Watch Dogs and paranoia: What the game got right

Watch_Dogs (Watch Dogs) Game City Streets

I may be a little bit late to the party on this, but Watch Dogs from Ubisoft is my favourite video game of recent years due to one simple word: paranoia.

I’m not going to get into details about the graphics being downgraded or any other conspiracy theories here, I’m talking about the sense of paranoia whilst playing the game. I think it’s something that Watch Dogs’ developers got very much right.

You see, Watch Dogs is all about paranoia. It’s about watching and being watched. It’s about constantly being under surveillance, and never knowing when a hacker might come, and it’s that final point that makes the designers got so right.

In case you don’t know, Watch Dogs is an open-world game where you can pretty much wander (or drive) about doing what you like, just taken on the story missions or side-missions when you feel like. However, at any time when you’re freely roaming, another real, human player can jump into your game via the internet and try to hack you and steal your data (in a game sense, of course. Not your real data).

Watch_Dogs (Watch Dogs) Game Hacking

This is where things really start to get good, as the invading player doesn’t look like some kind of super-soldier or even like your stealthy character. Instead, they appear to you as just another random citizen of the city, like all the other NPCs. They could be man or woman, skinny or fat. They’re also free to switch between walking and driving a vehicle as they see fit. It’s this anonymity that adds to your sense of paranoia, as any citizen you see in the city could be an invading hacker, and, provided they don’t do anything stupid, you wouldn’t know it unless you profile them.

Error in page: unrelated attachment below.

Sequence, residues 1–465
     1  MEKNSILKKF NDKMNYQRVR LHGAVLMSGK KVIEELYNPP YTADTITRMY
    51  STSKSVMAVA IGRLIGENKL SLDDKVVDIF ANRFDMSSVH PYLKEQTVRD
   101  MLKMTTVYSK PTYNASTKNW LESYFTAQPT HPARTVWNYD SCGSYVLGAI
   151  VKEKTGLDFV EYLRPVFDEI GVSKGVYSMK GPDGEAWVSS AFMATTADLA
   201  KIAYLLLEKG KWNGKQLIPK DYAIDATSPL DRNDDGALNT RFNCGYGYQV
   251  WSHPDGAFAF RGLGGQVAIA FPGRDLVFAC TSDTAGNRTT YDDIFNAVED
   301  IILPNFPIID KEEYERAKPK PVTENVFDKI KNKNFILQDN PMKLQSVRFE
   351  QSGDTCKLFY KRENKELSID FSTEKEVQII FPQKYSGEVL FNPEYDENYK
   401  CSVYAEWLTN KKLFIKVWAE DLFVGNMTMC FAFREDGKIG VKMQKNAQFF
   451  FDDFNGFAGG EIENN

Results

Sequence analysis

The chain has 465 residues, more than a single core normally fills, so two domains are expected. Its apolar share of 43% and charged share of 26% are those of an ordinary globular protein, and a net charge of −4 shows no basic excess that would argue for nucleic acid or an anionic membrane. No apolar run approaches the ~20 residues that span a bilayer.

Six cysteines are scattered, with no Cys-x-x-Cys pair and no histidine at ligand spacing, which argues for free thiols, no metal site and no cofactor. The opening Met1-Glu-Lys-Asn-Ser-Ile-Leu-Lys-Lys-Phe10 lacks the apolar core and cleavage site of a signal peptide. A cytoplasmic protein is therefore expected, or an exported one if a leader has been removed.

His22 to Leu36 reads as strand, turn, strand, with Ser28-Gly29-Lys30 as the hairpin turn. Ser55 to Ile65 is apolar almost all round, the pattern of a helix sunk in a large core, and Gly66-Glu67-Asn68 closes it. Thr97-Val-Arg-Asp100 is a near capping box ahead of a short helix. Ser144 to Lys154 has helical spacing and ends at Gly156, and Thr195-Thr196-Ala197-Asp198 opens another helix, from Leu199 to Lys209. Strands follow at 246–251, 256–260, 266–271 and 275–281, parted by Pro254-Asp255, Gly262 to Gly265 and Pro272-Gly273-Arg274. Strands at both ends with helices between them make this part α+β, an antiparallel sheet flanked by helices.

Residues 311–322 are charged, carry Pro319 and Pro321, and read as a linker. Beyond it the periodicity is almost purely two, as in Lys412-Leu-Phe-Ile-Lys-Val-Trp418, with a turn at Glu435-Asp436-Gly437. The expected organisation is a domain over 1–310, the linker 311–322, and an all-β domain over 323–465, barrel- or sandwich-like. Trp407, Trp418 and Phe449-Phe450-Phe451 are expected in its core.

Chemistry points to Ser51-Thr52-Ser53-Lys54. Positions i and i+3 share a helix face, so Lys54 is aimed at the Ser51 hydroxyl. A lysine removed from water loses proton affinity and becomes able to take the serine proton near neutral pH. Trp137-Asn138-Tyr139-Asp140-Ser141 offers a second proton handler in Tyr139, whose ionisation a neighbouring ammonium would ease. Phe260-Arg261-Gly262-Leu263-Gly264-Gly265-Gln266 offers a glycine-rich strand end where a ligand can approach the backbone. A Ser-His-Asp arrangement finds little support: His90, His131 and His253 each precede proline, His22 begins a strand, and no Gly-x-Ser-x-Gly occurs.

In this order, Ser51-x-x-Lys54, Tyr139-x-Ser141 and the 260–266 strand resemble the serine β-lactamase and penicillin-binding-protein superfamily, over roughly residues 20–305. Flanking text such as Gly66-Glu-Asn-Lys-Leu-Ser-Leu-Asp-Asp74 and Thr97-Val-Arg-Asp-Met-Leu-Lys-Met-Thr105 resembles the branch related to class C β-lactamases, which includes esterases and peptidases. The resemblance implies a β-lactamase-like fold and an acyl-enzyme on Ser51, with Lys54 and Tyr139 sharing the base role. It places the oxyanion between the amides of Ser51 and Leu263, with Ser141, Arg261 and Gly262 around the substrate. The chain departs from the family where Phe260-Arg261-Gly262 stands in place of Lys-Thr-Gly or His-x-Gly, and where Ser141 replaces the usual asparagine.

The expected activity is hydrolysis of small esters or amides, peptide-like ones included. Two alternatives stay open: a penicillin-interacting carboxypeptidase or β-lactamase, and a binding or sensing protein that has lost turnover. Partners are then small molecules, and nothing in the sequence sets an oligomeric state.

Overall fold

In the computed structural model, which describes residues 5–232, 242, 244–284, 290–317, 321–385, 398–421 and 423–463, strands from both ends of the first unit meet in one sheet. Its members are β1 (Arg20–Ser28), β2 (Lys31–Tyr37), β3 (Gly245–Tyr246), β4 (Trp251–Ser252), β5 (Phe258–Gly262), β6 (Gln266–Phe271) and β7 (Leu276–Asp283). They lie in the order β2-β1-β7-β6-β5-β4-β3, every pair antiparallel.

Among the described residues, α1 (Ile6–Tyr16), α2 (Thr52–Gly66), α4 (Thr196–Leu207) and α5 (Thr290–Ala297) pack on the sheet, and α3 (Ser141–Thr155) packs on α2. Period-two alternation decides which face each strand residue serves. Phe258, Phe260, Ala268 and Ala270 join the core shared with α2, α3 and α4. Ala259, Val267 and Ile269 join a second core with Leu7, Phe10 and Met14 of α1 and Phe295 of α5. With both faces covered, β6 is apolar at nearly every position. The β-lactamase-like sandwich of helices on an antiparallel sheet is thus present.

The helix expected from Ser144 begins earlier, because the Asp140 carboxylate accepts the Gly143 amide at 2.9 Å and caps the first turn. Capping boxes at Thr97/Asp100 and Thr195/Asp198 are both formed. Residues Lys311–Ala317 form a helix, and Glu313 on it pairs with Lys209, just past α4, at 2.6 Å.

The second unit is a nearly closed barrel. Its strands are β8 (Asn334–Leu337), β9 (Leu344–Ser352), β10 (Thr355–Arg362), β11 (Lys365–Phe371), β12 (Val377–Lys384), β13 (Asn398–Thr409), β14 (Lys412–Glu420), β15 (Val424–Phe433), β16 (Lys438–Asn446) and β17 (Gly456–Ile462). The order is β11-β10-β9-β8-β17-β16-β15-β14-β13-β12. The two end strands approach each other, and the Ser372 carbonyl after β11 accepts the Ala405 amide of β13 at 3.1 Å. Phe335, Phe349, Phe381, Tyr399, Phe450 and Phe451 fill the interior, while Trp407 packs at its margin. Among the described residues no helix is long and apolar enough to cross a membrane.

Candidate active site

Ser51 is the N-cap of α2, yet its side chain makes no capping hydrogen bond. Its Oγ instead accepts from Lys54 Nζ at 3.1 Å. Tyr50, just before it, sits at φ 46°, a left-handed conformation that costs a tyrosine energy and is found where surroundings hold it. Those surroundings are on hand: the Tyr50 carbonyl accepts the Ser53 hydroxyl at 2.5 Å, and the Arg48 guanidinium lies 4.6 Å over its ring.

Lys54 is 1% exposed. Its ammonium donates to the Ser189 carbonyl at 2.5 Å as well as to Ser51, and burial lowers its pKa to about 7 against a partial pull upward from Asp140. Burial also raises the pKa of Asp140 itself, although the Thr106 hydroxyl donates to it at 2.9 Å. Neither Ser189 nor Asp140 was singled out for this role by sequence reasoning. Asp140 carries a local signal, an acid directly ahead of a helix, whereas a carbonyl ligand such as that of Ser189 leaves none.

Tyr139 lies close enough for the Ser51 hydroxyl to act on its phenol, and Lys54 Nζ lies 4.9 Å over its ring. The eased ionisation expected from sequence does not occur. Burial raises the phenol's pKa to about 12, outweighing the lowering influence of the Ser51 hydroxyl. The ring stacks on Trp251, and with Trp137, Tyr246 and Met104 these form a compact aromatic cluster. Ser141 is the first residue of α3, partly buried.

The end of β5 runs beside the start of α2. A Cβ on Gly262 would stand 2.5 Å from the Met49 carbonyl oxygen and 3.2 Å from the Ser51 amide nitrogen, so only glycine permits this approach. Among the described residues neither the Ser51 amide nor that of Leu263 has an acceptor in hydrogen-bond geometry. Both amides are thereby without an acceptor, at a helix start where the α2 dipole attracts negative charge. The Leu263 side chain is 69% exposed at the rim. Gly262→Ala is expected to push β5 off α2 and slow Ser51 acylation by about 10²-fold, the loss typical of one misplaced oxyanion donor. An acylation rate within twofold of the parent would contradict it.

This is where the designers have got really clever though, as the computer-controlled NPCs aren’t perfect. Occasionally, they’ll drive a bit too fast in their cars and squeal the tyres around a corner. Sometimes, they might even crash into another car at a junction, causing all sorts of shouting and honking of horns. When you’re playing a game where you know you could be hacked by an invading player at any moment, you suddenly become very twitchy at the sound of squealing tyres or a high-revving engine.

After I’d been hacked in the game a few times, I actually found myself looking over my shoulder (well, my character’s shoulder) every few minutes whilst driving to check I wasn’t being tailed. I’d make sudden erratic cornering moves, then look behind to see if anybody else did the same. If I was on foot and I need to stop in one place for any amount of time, I’d find myself hiding in the bushes, just to make it harder for anybody trying to track me down.

Since the game’s been out for nearly two years now, invading hackers probably don’t come as often as they did when the game was released, but that doesn’t stop you from worrying about it all the time that you’re in the game. To me, in a game where one of the themes is paranoia, I think they got it spot on!